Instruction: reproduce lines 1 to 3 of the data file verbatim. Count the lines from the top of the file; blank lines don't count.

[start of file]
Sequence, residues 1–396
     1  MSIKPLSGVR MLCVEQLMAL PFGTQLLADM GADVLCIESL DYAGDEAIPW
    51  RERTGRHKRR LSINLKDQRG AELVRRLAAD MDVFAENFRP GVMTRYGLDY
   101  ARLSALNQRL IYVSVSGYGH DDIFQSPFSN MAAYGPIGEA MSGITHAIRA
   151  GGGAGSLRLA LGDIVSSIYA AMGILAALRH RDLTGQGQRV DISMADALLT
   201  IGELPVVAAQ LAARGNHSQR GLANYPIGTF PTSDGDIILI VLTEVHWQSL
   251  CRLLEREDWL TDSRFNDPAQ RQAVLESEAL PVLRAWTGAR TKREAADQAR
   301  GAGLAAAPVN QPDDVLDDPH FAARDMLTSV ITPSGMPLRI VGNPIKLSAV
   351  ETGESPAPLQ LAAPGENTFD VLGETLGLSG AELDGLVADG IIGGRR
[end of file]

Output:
Sequence, residues 1–396
     1  MSIKPLSGVR MLCVEQLMAL PFGTQLLADM GADVLCIESL DYAGDEAIPW
    51  RERTGRHKRR LSINLKDQRG AELVRRLAAD MDVFAENFRP GVMTRYGLDY